Public health officials in the U.S. could take heart at the end of the summer. Even as the new coronavirus continued to spread, fewer people were winding up in the hospital because of COVID-19, and fewer were dying.
Now, as the seasons turn, there are signs suggesting there will be more deaths and serious illness ahead.
Data collected by the COVID Tracking Project shows that the number of people hospitalized has plateaued at about 30,000 in the past week after a decline from nearly 60,000 that began in late July. Deaths, meanwhile, averaged about 750 over the seven days through Sunday, higher than the roughly 600 deaths a day in the first week of July.
Scientists had hoped that a warm-weather reprieve could soften an expected re-emergence of the coronavirus in the colder months. Instead, the contagion continued to spread across the country after Memorial Day, with early summer outbreaks in Sun Belt states followed by the recent surge of new infections in the Upper Midwest and on college campuses nationwide.
Any indication hospitals are attending to more coronavirus patients is likely to reignite concerns that the health care system could be overwhelmed by new cases as the weather cools and more activities, including school and holiday socializing, move indoors.
History and science suggest the second winter with coronavirus is likely to be worse than the first. The pathogen is more entrenched, and most respiratory viruses circulate primarily in the winter months.
“We haven’t had exposure to COVID throughout an entire winter when more people are indoors and close together for prolonged periods,” said William Schaffner, an infectious-disease professor at Vanderbilt University in Nashville. “We are certainly concerned that COVID could spread even more readily in the winter than it has so far.”
The Trump administration has pointed to the increasing availability of coronavirus tests as the reason the number of new cases in the U.S. remains high. Diagnostics manufacturers are now shipping more than 1.2 million tests nationwide each day, up from 600,000 at the start of May, according to AdvaMed, a trade group for the medical-technology industry.
Increased testing also has made it possible to catch coronavirus cases earlier. That, combined with improved hospital care and medicines like Gilead Sciences Inc.’s remdesivir and the generic steroid dexamethasone, allowed more patients to survive their infections this summer.
However, a weeklong plateau in new cases, hospitalizations and deaths are an early warning that things could be about to get worse. Along with the resumption of school, more states are easing curbs on restaurants and bars, giving the virus more chances to find vulnerable people to infect. Last week, Florida Gov. Ron DeSantis lifted capacity limits on restaurants and other businesses.
“It’s not complicated to explain. All of that opening up, so many people taking off their masks, gathering together in bars and parties, going back to the old normal,” Schaffner said. “We should not be surprised that we are seeing an increase in COVID again. COVID loves that environment.”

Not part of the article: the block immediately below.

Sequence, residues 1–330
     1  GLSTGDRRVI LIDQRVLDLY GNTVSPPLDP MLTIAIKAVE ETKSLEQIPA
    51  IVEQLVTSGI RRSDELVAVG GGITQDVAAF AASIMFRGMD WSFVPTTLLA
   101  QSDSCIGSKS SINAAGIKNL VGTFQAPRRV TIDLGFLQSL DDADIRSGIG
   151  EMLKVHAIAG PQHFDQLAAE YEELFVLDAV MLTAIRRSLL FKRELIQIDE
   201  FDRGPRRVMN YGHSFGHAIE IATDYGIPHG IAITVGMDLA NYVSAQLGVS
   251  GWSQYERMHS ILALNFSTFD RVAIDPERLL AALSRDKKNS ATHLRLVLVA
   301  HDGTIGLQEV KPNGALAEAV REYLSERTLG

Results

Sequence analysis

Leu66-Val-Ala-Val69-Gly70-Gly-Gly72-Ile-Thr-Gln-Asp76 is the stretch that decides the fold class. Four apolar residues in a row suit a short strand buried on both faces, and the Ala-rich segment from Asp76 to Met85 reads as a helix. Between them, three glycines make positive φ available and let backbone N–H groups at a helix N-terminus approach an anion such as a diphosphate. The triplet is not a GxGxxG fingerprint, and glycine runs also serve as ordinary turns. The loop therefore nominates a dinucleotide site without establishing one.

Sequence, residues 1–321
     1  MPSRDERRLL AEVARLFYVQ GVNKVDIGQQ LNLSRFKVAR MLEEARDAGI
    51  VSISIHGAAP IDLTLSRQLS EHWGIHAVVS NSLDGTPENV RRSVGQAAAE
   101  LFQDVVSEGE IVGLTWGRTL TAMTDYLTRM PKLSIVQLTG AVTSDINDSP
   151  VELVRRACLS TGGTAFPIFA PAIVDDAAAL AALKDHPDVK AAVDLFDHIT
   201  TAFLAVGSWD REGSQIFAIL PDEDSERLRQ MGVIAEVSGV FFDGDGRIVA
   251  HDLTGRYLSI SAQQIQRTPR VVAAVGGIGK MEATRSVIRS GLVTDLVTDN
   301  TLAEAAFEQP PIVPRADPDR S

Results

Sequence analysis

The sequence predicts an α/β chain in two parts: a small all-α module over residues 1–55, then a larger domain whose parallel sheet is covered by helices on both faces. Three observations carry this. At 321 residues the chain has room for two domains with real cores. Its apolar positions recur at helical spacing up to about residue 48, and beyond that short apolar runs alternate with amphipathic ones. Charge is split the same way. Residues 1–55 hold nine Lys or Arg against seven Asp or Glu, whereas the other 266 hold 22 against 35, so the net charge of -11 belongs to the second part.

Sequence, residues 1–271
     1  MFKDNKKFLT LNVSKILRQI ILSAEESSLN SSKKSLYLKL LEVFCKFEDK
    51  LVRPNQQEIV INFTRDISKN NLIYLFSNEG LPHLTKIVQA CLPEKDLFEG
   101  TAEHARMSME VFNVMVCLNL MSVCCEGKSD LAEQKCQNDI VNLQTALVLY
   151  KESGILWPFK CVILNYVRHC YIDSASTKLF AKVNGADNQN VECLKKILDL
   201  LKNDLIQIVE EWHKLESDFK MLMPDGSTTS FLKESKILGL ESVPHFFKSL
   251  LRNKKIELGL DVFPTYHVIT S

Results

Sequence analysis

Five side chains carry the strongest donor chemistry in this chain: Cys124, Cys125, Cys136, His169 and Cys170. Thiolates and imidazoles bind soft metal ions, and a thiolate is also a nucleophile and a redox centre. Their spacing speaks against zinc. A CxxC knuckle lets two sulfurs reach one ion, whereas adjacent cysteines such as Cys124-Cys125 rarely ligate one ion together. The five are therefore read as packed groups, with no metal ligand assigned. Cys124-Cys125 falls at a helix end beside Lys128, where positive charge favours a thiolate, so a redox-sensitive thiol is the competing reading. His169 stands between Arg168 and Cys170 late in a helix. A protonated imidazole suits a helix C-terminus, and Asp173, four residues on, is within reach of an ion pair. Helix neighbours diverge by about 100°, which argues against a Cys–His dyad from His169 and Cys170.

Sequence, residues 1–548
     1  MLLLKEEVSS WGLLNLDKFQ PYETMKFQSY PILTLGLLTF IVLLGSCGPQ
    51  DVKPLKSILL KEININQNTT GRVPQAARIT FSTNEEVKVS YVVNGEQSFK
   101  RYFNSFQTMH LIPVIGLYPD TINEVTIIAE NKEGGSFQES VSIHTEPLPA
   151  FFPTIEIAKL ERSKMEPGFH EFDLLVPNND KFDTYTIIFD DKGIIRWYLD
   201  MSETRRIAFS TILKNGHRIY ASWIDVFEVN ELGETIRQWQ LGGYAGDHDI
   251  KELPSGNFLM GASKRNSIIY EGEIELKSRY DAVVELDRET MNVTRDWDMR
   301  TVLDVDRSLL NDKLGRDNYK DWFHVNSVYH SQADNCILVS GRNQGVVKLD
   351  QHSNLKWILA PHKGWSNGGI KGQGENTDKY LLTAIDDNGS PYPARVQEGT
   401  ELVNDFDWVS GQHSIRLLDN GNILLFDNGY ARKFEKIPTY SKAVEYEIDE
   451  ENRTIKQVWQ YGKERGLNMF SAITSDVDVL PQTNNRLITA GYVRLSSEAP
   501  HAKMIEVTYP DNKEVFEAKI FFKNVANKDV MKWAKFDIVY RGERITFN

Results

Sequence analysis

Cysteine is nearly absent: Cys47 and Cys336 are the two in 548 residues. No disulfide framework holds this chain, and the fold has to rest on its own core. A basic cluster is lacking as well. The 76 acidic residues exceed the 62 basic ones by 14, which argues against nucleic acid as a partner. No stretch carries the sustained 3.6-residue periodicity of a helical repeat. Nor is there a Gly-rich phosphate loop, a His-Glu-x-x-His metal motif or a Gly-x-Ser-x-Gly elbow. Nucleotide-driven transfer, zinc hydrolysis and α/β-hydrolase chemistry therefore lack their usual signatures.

States that had been doing well, including New York, which was wracked early on by the virus, are seeing a new surge. New York Gov. Andrew Cuomo said there were 868 new cases in the state on Sept. 27, an 18% increase from two weeks earlier. A higher percentage of those getting tested are now coming back positive, suggesting the amount of virus in the community is on the rise.
Similar increases are happening among the nation’s children, as more than 56 million returned to school this month. More than 250,000 children were infected with coronavirus from March through Sept. 19, according to the U.S. Centers for Disease Control and Prevention.
While those hardest hit were more likely to have other conditions, about 3 of every 4 people who were hospitalized, needed intensive care or died had no other health concerns, the CDC said.
The number of cases among children has increased dramatically since the start of September, when many went back to school in person at least part time.
Coronavirus cases in those ages 19 and younger have increased threefold since May, according to the CDC, suggesting they might play an increasingly important role in community transmission even if their individual risk of serious illness is low.
“School studies suggest that in-person learning can be safe in communities with low SARS-CoV-2 transmission rates but might increase transmission risk in communities where transmission is already high,” the agency said in its Morbidity and Mortality Weekly Report.
Local journalism is essential.
Give directly to The Spokesman-Review's Northwest Passages community forums series -- which helps to offset the costs of several reporter and editor positions at the newspaper -- by using the easy options below. Gifts processed in this system are not tax deductible, but are predominately used to help meet the local financial requirements needed to receive national matching-grant funds.
Subscribe to the Coronavirus newsletter
Get the day’s latest Coronavirus news delivered to your inbox by subscribing to our newsletter.